Friday, June 17, 2016


My wife Lydia recently had some matters to take care of at the Bureau of Immigration, but she arrived  early and the office was still closed. So she went to a nearby Starbucks to kill time and have a refreshment until the the doors opened.  This got me to thinking: What if Starbucks operated like the BI or for that matter like most government offices in the Philippines that serve the public. I suppose the procedure for,  say, getting a cup of coffee would go something like this:

Upon entering Starbucks, proceed to Window 1. Submit  two pieces of identification plus two  1x1 photos, and request Application Form SBA in duplicate.

Complete the original SBA and file it at  Window 6.

Present  the completed SBA duplicate copy at Window 4 and request order form SBO in triplicate. If you want cream and sugar, complete Form SBCS and attach it to the SBO.

Present the completed SBO forms A,B, and C to the Cashier and pay the required amount along with a P50  Express Lane fee. Retain the duplicate copies along with your payment receipt.

Present your SBO duplicate copies B and C and your payment receipt at Window 3 for approval and  validation of your order.

To complete your purchase return to Window 4 and submit your validated SBO duplicate copy B.  Retain Copy C.

Allow 7 working days for preparation and completion of your purchase.

To receive your order, present SBO Copy C plus two forms of identification at Window 2. Your purchase will then be released.

Now wouldn't it be great instead if  Government offices were run like Starbucks? To this  end here's what President-Elect had this to say as per an article  'No Queues Please'' in the Malaya Business Insight: ''I hate seeing people queueing (sic). My proposal is that clearances and business permits will be processed within 72 hours''.  If he can institute these kinds of reform when  he takes office, imagine walking up to the counter (no more windows) of a government agency and hearing the clerk  say "Good morning, may I take your order?''

Tuesday, January 26, 2016

Retired But Not Retiring

Until the early 2000's when I was still living and working in California, I never would have dreamed that I would be spending my "golden years" in the Philippines. Yet as a result of my wife Lydia's persuasiveness and careful planning, it's been more than 10 years now since we retired and expatriated to this country.And as I have mentioned in previous posts, it was one of the smartest moves we ever made.In February I will celebrate my 71st birthday. This puts me well into the senior range, which in the Philippines officially begins at age 60.

As a foreigner,  with the exception  of  20% senior citizens discount on certain goods and services,  I still receive many of the perks and privileges that come with advanced age in this country, such as access to the senior checkout and lanes  in supermarkets and priority service at government offices. Another is the option to use the senior section on the MRT and LRT commuter trains here in Metro-Manila.That is a benefit which I very much appreciate. It's not much fun to have to ride in the other rail cars which are often jam packed with passengers, face to armpit and where I was pick-pocketed not just once but twice.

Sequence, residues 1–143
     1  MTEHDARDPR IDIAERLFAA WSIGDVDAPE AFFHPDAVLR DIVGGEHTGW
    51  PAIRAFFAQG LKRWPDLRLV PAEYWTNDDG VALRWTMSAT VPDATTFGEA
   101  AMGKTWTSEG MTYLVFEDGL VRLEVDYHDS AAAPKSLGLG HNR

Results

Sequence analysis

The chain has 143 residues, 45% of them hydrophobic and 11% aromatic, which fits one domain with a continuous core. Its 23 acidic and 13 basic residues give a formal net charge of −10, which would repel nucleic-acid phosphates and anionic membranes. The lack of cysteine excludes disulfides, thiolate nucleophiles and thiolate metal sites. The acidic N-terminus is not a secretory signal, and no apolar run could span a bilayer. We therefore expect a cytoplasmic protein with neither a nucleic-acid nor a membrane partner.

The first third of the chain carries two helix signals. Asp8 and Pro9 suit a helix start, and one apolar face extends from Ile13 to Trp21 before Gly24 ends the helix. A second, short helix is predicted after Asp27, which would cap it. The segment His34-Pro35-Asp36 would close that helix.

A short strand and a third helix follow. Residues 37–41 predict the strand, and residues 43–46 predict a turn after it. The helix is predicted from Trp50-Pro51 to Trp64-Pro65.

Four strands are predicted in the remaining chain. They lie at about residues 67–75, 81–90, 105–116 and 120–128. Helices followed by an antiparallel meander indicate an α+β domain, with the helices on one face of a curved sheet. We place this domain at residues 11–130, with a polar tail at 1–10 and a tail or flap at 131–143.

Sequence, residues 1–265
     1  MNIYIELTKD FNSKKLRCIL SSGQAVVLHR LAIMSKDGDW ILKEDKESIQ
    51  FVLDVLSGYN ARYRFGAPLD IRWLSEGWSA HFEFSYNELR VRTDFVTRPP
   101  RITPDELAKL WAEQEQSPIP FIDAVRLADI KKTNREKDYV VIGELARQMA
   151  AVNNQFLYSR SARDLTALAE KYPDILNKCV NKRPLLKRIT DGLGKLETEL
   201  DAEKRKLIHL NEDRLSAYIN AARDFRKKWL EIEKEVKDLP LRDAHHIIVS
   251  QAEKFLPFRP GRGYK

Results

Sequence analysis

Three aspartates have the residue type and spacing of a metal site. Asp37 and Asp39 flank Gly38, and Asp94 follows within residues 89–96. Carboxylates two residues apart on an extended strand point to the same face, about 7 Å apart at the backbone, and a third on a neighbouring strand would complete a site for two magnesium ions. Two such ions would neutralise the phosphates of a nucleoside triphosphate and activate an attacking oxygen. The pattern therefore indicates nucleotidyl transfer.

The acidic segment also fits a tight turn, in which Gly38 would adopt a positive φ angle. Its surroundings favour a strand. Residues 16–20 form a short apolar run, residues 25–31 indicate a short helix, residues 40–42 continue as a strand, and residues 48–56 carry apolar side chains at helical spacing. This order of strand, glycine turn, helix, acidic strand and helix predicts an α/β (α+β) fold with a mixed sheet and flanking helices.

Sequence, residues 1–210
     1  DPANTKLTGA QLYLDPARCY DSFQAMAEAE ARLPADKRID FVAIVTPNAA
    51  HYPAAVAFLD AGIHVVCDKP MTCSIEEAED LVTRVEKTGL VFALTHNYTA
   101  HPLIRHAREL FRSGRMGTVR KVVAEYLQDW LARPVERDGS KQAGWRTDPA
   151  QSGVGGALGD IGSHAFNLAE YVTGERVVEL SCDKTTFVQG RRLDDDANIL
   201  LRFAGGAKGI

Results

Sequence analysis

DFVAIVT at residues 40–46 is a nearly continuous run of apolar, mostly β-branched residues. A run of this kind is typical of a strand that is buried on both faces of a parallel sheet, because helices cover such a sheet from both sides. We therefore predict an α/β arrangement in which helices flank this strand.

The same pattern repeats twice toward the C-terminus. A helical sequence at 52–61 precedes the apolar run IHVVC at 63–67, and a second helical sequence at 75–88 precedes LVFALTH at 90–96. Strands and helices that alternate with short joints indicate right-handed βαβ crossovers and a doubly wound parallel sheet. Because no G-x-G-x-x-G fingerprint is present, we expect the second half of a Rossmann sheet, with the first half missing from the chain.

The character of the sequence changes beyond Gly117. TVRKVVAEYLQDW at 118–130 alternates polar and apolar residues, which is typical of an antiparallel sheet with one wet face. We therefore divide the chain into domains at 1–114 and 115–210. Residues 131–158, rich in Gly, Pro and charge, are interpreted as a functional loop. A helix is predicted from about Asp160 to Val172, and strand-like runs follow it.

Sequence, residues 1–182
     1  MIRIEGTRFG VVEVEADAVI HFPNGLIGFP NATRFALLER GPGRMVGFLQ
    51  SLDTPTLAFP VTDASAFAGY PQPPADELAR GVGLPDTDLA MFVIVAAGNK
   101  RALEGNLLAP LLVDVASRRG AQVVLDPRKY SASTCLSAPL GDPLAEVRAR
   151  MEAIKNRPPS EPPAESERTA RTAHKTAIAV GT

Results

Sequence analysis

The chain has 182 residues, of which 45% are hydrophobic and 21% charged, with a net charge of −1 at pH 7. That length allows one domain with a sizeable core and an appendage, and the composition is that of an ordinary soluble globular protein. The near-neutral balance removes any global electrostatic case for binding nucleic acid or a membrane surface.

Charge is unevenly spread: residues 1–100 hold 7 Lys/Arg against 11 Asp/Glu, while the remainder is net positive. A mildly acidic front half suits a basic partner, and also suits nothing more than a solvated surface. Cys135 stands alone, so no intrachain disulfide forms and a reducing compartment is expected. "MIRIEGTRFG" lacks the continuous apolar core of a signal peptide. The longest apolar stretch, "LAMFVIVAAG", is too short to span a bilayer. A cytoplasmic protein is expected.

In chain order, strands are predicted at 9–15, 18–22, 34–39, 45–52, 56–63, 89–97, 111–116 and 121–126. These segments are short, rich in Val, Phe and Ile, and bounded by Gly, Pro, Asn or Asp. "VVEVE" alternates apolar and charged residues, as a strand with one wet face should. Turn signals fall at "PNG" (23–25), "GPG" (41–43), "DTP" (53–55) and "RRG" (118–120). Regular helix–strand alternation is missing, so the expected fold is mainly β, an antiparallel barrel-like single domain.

But aside from  necessary excursions outside the home where they might avail of the above services, traditionally, the elderly in the Philippines often just  stay indoors where they are encouraged to spend their remaining years in a sedentary manner while family members and / or house help take care of them. And if they do go out, it's usually with  assistance.In that regard, as seniors my wife and I are anomalies. We don't live with family members and don't have hired help. For despite our ages,  we are fortunately able to maintain an independent lifestyle.  Lydia is a few years older than I am but still moves like a teenager and does extensive housework daily. And despite an acute and occasionally painful medical condition, I still have the stamina to run errands and manage personal affairs for both of us that occasionally require day trips outside local community. Lydia also does this as well, and in addition she travels to her home province at least once a month where she is following up on a complicated legal case, and which is one that requires the  energy and knowledge that would exhaust a person half her age. To that end, I spend much of my time acting as her "gofer" to ease her burden in this matter, which of course is  the least I can do.

However,  for us as seniors,  circumstances such as physical and mental fitness can turn on a dime for the worse. So  the question is whether there will come a time when our years catch up to us and we are no longer capable of conducting our present autonomous lifestyle. Lydia's response is not to pretend that scenario can't happen but rather to enjoy life in the present while taking appropriate precautions for the future.  I  think that's sage advice which is as reasonably optimistic as it sensibleat any age.